OBJECTIVE: I will, for the first time ever, read the King James Bible in its entirety and in order, without consulting secondary sources and limiting other outside influences, in order to gain a deeper understanding of its contents as a piece of canonical literature and primary religious text. As I read, I will record my responses and reflections here, ranging from semi-formal literary criticism* to pure reader response.
1) I will not consult secondary sources of interpretation: I will be influenced by what I have heard and seen from having lived in the world, but my analysis is from my own head.
2) For each chapter, I will name one line as my “favorite.” Generally, these will be especially well-written or evocative, but they may also convey an idea that I find poignant.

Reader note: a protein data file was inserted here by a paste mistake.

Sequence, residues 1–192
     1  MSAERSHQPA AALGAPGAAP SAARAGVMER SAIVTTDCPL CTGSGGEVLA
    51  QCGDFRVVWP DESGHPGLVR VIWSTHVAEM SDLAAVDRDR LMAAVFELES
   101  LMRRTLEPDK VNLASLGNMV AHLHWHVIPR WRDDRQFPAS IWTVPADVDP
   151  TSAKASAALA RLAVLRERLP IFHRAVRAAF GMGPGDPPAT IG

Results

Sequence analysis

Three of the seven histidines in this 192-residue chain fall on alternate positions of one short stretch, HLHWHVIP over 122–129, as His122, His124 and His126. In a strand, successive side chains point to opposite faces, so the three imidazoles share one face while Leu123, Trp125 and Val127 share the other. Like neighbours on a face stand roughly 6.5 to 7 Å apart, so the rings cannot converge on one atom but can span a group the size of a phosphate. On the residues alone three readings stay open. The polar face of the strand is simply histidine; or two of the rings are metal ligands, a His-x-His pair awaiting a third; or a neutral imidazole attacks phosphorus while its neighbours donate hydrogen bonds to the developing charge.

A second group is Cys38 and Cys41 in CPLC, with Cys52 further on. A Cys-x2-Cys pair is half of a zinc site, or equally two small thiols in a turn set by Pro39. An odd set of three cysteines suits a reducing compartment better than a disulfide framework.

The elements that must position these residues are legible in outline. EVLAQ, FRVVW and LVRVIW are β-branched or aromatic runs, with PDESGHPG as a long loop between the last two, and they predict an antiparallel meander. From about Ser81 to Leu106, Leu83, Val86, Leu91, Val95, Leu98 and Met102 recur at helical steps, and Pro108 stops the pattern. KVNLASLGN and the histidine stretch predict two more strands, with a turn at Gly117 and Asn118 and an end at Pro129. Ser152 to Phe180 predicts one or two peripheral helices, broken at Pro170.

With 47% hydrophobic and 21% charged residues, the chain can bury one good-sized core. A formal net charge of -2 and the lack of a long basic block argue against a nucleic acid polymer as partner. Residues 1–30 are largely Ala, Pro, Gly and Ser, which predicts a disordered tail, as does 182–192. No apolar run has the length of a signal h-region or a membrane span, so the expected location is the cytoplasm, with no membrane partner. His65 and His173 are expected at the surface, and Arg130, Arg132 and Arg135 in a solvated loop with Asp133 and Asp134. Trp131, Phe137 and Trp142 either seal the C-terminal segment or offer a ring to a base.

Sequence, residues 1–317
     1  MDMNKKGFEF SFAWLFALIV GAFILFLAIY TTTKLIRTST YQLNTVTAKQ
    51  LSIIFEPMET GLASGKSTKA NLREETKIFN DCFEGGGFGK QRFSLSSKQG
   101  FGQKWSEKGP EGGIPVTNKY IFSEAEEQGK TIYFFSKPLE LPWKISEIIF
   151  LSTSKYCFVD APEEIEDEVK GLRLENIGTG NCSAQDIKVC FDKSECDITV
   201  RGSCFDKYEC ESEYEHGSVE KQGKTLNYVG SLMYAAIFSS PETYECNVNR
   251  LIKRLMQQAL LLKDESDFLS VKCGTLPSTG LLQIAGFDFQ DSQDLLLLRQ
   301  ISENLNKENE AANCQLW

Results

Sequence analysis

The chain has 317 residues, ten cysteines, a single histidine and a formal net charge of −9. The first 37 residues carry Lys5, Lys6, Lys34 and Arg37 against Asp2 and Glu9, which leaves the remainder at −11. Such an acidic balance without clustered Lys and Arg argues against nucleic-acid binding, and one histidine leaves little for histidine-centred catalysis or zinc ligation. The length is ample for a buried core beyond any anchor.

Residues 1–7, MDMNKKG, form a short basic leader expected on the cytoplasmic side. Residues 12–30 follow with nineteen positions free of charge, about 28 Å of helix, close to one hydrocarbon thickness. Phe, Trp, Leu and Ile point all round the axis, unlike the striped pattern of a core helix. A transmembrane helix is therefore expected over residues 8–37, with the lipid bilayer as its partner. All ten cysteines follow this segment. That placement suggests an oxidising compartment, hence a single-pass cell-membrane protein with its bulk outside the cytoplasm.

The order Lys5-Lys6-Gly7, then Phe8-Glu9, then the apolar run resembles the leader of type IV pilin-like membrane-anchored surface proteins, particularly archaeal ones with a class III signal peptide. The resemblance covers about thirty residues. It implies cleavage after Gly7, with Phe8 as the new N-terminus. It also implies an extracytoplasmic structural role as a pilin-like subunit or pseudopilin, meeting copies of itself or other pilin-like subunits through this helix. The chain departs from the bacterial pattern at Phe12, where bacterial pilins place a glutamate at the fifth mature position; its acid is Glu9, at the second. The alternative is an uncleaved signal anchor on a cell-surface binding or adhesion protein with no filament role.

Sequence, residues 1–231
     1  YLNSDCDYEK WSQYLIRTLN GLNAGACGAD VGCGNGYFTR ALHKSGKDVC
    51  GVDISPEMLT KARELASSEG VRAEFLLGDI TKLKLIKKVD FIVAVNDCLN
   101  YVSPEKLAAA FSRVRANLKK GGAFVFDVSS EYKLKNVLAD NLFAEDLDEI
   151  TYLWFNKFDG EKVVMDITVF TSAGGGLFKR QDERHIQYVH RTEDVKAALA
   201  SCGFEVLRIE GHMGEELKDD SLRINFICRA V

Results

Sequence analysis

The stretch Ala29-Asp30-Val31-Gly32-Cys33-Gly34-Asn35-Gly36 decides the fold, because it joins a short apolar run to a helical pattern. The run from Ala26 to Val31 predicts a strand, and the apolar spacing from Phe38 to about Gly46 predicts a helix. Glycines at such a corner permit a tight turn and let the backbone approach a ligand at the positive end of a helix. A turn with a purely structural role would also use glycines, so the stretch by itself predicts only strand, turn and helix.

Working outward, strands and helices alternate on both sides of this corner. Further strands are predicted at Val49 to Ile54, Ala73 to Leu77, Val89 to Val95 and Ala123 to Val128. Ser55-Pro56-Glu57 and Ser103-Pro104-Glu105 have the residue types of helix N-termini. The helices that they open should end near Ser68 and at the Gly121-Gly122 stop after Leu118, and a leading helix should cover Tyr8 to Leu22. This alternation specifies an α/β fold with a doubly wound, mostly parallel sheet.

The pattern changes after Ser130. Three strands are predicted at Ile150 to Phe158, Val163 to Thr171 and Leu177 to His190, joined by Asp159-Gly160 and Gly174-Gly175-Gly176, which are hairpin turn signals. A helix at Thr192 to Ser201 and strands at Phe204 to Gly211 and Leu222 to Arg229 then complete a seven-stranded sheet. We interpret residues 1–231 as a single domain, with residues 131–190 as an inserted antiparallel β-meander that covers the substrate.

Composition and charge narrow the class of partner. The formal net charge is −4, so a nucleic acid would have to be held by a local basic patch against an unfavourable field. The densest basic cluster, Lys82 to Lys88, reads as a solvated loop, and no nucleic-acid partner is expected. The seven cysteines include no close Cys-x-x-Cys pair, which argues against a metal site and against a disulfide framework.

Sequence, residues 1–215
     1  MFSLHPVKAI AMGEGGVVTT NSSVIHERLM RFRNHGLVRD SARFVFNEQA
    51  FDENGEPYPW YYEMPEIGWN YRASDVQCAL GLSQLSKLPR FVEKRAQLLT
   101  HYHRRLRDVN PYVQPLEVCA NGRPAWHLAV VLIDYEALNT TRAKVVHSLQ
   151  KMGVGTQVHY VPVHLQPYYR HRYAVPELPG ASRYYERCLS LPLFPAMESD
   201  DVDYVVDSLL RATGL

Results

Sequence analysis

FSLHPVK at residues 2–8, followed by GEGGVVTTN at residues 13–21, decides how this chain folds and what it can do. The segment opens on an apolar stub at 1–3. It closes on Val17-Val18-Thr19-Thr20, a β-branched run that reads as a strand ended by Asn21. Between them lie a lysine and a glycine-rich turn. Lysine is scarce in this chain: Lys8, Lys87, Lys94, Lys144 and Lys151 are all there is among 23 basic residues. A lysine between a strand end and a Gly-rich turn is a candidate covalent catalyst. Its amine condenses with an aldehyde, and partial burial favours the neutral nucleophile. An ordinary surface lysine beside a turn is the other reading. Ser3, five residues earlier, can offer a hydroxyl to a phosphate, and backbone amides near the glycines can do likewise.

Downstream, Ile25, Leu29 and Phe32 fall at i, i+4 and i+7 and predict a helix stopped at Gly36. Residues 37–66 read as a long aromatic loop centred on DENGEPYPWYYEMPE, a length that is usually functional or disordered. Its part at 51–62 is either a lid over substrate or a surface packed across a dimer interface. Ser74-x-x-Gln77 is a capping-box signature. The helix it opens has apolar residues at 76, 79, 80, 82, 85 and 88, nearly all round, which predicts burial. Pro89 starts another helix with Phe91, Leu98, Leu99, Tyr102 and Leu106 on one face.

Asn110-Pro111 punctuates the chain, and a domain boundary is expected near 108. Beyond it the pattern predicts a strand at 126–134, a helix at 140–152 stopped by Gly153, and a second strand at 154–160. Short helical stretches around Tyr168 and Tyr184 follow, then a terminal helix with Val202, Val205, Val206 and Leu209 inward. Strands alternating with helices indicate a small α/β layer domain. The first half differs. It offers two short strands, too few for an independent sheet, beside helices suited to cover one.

3) On the other hand, I will not avoid voicing my dislike for portions of the text (as one would with any piece of literature). If I do, however, I will back up my thoughts with evidence from the text, like any good writer.
For those of you who are unfamiliar with the parlance of literary analysis, to be “critical” of a text is not necessarily to view it negatively: to read “critically” is to analyze closely and thoughtfully. Sometimes, one looks for literary devices the author uses to persuade or evoke; other times, one views the text through a specific critical lens (e.g., post-colonialism) to gain further understanding of the text and make deeper and broader connections to other works or movements.
That is the kind of “critiquing” I will be doing. That said, I won’t be focusing on any specific lens except reader response, which is focusing on my own reaction to the text.